frozenpeas posted:

Smoking once every 3 weeks isn't going to harm you. But how long do you think it will stay at that level?

It's way to early for me to be taking the high ground, but the way I see it is if you've truly quit smoking then you don't actually want to smoke anymore.

If you are spending your whole life preventing yourself from having a cig then you're just torturing yourself. Read the Carr book, identify why you want to quit and make the decision never to do it again.

Why, at this point, would a single cig be a treat? To me it would be a huge worry because I'd know that eventually it would lead to another...and another...and another.

That's the big one, yep.

The other thing is that even JUST ONE CIGARETTE can be the one that sets of the cancer in your lungs, man. I'm not trying to shock tactic you or anything Nedsmaster, but yeah. The point of stopping smoking isn't to stop and start again randomly, it's to stop for good so you don't die a painful loving death. vv

Get the Carr book and read it, like frozen said. If you've already "stopped," then obviously you're ready to quit anyway. You just need a bit more structure.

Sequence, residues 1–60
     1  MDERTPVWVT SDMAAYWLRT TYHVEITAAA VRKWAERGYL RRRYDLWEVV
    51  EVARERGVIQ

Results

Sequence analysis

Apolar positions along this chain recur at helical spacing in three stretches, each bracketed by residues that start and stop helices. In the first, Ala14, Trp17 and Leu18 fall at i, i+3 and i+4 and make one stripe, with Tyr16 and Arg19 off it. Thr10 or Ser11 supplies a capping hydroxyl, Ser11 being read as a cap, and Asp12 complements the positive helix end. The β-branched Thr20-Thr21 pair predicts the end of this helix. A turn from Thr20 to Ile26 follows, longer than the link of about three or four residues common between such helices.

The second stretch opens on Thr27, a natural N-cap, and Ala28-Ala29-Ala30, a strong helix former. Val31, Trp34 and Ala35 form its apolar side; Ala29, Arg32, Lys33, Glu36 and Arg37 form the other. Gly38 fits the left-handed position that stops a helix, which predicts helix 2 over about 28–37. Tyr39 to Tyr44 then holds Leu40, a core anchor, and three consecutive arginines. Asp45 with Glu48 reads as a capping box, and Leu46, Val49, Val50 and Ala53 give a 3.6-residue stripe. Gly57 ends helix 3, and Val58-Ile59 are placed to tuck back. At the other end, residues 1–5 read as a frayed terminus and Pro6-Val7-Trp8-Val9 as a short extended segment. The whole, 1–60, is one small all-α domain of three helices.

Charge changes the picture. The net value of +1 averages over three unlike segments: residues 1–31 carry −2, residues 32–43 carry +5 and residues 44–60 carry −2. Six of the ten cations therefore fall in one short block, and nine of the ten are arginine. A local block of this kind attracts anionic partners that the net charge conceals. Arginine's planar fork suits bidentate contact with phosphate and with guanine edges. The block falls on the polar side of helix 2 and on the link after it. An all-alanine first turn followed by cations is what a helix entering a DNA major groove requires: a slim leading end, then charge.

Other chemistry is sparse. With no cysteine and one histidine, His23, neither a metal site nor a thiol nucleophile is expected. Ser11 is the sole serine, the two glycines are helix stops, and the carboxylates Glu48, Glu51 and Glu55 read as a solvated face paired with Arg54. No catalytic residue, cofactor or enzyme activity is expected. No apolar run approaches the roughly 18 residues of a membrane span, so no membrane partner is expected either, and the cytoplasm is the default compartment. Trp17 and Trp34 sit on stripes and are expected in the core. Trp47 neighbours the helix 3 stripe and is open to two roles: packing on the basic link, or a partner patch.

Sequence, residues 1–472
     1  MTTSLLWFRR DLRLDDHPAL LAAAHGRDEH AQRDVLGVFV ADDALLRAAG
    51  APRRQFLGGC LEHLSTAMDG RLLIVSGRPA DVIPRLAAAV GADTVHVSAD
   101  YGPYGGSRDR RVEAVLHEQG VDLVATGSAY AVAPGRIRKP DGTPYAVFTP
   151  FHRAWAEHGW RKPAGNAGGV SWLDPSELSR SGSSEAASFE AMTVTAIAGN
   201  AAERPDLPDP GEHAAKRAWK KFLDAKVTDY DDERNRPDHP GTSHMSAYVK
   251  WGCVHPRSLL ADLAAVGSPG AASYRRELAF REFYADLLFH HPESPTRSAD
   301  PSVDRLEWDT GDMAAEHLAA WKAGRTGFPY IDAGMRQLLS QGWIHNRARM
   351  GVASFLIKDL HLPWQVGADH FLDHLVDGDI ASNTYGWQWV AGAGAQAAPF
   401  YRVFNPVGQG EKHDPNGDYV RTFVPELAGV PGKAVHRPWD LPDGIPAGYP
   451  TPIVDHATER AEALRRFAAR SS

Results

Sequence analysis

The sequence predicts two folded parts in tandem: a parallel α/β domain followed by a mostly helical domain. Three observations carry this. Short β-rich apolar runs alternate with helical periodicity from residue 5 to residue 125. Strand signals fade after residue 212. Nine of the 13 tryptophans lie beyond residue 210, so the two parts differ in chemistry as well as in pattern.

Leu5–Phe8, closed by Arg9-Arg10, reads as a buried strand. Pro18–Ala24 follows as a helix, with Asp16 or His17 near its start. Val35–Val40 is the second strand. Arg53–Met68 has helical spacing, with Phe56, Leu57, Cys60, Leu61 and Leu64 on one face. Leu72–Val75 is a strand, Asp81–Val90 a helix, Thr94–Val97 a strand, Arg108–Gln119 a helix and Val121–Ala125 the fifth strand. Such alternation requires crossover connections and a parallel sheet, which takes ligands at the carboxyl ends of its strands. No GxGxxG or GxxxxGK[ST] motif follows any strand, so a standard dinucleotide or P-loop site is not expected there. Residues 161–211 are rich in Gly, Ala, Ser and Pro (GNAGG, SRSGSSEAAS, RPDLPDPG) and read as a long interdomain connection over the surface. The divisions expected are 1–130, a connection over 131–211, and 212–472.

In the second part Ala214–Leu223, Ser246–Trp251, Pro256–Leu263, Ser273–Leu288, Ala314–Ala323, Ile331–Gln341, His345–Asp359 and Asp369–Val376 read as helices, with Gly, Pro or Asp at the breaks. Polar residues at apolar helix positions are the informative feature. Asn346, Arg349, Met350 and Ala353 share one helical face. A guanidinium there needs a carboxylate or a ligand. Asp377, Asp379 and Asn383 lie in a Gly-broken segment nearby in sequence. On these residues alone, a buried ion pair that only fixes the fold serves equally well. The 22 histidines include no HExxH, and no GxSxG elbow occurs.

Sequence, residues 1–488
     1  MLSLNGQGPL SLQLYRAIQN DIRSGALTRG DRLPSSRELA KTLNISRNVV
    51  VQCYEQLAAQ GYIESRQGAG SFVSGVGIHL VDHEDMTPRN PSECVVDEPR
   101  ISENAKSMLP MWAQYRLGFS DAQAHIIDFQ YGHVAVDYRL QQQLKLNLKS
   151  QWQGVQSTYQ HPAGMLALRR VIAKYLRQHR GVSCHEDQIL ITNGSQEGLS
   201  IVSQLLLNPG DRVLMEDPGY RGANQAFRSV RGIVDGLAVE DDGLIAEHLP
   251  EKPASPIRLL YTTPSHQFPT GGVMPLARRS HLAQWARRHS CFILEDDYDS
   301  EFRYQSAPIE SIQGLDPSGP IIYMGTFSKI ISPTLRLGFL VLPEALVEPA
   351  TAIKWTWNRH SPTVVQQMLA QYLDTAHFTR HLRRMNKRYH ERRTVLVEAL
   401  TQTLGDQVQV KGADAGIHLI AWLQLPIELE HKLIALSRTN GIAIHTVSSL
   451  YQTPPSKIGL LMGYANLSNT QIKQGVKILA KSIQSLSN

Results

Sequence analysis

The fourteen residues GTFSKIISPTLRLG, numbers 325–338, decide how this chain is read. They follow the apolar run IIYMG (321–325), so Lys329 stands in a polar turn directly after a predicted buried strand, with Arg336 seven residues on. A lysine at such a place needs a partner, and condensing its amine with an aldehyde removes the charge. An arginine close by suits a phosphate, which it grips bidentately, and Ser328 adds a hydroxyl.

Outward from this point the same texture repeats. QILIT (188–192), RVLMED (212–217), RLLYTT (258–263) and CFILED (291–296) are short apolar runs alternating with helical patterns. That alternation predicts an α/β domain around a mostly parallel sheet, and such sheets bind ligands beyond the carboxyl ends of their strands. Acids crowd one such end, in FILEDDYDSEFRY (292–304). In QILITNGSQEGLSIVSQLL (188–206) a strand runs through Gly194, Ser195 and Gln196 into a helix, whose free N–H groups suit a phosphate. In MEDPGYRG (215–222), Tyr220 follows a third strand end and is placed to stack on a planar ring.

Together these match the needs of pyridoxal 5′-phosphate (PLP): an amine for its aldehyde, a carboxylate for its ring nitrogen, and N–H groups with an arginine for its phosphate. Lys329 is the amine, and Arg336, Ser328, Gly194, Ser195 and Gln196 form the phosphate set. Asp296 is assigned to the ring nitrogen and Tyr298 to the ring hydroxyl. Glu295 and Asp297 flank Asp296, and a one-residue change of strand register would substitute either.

Nedsmaster
Mar 9, 2006

smoke brown
black for black


Good advice you guys, but I guess I left out a piece of important information.

I don't smoke cigarettes anymore, but I am an avid e-cigarette user (I post in that thread too). If you don't know, e-cigarettes are health free vapor tools that come in a variety of flavors. You order the flavors in the desired strength of nicotine. I get 14mg nicotine, which is "Low". For every 1 milliliter, there's 14mg nicotine, and 1ml is supposed to be equatable to a "pack" of 20 cigarettes. This evens out to .7mg of nicotine per "vape session" with the e-cig, which is even less than a Marlboro Light.

So yeah, I quit smoking a while back, and I occasionally hit the e-cigarette for my nicotine fix. Most of the times I think cigarettes taste gross now, but sometimes when I'm drunk I'll opt to have one. Like I said, I've smoked like 4-5 cigarettes in the past month and a half or so. The risk of me getting re-addicted to cigarettes isn't really a factor because I'm still addicted to nicotine anyways, with the e-cig. I am just more concerned about my lungs healing now, and I wasn't sure if smoking a real cigarette every 2 weeks would immediately ruin all my progress and put my lungs back into "hosed up shape", despite weeks of cessation. Because if it is, I'll stop smoking them altogether.